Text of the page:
September 25, 2006
The public has to look at the fragments it can find of Lamont's private life to figure out what sort of public figure he would be. The man who seemed a fresh force in the spring is starting to look like a contrivance as the fall begins. Here are some examples:Ned Lamont has no substantive experience in public service on a scale that would qualify him to be Joe Lieberman's replacement in the U.S. Sentate. We can only look to his experience in the private sector to get a feel for what he brings to the table. As far as I can see, all he brings is a plateful of virulent Left-wing supporters with a side order of hypocrisy.
Lamont, like all Democratic candidates, has been in hot pursuit of union endorsements. Lieberman snagged most of them in the primary campaign. Most, but by no means all, have stuck with Lieberman.
In his cable business, however, Lamont has not been so eager for union attention. At one conclave, Lamont gave the cold shoulder to Bill Henderson, president of Communications Workers of CT Local 1298, when Henderson had the temerity to suggest to the cable executive that he ought to let the union into Lamont Digital.
When Henderson, a Lieberman supporter, complained in public about Lamont's anti-union attitude in his own business, registered lobbyist and Lamont campaign manager Tom Swan called it a "red herring" because Lamont's employees are well compensated. But Henderson points out that unions aren't only about wages. They also secure better working conditions and the dignity of their members. Lamont and, suddenly, Swan aren't interested in the union credo.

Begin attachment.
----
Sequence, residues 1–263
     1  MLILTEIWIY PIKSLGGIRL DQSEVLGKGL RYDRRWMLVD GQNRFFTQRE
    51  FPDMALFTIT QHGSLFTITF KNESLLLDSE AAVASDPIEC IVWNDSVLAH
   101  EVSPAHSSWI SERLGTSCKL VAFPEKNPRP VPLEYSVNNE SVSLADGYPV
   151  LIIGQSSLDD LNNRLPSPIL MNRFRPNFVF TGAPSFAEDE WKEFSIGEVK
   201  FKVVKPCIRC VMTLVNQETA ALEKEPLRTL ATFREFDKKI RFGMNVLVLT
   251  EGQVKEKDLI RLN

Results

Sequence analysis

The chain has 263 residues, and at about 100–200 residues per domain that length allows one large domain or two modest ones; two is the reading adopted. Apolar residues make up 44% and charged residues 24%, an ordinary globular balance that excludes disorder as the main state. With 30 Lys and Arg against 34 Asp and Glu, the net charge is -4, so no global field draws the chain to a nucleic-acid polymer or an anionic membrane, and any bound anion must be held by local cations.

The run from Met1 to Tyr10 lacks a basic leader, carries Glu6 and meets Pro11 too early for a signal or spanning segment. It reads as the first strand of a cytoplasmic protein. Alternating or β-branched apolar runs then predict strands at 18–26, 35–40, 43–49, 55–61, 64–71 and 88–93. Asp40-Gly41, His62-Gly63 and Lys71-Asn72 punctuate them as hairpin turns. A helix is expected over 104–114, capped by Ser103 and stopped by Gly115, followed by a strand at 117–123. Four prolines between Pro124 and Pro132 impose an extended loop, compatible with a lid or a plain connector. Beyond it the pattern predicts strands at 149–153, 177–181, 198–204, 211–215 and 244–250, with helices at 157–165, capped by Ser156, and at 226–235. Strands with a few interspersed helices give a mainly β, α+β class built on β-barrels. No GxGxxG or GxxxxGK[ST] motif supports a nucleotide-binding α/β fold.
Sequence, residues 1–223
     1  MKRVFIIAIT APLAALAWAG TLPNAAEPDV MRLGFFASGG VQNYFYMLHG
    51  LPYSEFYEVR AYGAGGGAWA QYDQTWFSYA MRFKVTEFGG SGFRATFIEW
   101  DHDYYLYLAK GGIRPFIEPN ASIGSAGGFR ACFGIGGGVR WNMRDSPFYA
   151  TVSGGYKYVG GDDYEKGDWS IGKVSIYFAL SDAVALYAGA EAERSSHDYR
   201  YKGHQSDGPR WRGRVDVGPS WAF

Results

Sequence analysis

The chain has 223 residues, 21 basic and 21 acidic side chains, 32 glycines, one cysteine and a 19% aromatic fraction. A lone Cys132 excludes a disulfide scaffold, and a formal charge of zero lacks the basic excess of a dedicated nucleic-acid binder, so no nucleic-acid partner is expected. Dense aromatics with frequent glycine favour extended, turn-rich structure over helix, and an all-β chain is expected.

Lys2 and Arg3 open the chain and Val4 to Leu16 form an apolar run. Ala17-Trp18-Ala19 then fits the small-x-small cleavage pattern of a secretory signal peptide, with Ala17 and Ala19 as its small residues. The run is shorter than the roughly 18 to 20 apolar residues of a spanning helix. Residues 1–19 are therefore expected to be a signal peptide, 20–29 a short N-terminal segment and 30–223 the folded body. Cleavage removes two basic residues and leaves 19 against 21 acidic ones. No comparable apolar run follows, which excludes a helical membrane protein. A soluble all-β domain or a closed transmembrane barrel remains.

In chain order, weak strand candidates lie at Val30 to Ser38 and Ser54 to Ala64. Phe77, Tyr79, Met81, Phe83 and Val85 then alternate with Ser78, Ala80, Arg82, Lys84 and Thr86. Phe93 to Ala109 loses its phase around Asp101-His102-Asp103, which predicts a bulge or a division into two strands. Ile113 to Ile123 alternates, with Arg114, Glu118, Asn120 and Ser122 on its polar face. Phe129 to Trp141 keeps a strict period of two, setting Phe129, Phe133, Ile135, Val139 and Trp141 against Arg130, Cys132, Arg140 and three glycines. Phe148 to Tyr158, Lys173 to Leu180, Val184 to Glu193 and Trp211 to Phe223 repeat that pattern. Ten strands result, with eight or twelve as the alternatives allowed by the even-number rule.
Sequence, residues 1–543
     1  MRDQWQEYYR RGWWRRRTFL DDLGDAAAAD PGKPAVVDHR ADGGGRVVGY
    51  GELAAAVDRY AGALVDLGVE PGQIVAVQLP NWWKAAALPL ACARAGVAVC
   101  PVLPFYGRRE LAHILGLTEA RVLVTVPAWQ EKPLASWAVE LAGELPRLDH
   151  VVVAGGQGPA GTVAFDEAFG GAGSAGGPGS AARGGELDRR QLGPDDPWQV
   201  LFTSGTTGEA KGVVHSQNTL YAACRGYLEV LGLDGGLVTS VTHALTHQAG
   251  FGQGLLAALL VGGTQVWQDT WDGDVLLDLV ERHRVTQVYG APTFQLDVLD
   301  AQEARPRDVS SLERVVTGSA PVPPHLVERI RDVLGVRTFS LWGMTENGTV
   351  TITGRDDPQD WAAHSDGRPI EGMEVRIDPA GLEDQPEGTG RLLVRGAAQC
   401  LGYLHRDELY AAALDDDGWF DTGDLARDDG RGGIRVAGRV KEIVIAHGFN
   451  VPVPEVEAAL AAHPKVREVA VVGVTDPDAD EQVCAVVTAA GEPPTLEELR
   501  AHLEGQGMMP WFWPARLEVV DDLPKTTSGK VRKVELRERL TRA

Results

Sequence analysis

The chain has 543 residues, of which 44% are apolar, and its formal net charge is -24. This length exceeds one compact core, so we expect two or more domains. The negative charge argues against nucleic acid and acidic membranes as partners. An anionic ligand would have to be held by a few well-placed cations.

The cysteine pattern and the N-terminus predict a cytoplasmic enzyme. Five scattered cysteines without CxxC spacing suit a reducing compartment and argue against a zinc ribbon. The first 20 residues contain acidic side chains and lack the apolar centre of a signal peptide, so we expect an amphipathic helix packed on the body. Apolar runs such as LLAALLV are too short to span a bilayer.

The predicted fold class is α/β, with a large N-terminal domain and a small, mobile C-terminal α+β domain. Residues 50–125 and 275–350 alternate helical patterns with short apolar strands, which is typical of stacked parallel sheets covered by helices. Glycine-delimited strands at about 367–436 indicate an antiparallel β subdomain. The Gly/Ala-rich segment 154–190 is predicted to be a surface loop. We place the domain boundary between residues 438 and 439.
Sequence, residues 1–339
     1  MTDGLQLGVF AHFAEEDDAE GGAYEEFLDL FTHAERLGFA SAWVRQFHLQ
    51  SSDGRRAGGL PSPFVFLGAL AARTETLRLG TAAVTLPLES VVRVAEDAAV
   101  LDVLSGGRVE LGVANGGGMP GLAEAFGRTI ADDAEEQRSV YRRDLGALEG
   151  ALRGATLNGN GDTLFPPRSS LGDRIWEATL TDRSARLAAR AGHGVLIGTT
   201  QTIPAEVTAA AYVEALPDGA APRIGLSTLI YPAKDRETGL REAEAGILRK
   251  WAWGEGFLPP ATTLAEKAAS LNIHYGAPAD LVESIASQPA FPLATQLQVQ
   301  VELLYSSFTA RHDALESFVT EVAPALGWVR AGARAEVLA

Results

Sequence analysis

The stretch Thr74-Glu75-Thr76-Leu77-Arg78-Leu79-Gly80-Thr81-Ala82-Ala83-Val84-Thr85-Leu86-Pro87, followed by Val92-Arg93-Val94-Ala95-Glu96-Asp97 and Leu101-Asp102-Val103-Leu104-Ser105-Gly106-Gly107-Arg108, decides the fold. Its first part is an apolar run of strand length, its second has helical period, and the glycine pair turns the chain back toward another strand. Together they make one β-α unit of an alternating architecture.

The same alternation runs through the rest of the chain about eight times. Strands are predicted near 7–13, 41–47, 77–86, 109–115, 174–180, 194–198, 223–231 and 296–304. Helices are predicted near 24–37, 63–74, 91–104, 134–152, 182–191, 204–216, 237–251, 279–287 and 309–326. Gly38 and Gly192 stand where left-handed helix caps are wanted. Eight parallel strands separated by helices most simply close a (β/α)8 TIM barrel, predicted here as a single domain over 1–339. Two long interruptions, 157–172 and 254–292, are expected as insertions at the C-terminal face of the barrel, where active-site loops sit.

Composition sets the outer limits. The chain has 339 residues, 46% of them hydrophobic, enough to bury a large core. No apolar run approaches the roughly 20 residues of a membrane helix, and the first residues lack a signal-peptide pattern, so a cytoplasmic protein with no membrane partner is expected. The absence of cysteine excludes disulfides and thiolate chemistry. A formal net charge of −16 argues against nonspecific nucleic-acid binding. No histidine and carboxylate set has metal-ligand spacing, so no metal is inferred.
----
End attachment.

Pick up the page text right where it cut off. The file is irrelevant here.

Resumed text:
Candidate Lamont is keen to call for more corporate responsibility from the likes of Wal-Mart and Enron. He made the obligatory appearance at a protest of Wal-Mart this summer.
Lamont, however, won't say much about corporate shenanigans closer to home. His wife, Ann Lamont, is a formidable venture capitalist. And while piling up their millions, there have been a few casualties. The Lamonts won't disclose details, but public documents reveal that Ann Lamont was successfully sued for securities fraud in 1999 for her role in a disastrous public offering of stock by a Florida medical management company that went bust in a big way. Ann Lamont and other defendants entered into a multimillion-dollar settlement with fleeced shareholders.
Some of the records are sealed, and the Lamont campaign won't reveal how much of the settlement Ann Lamont had to pay in 2001 to get out of the mess. Substitute the name of, say, Lynne Cheney for Ann Lamont and imagine the outrage on the left for such a doomed scheme.
As the campaign spotlight shines a little brighter on the Greenwich millionaire who wants to be CT's next Senator, voters - especially unaffiliated, moderate voters - should take the opportunity to have a closer look.
Posted by: JimK at September 26, 2006 09:18 AM (wBfCt)
Posted by: Gary at September 26, 2006 09:29 AM (PLHs9)
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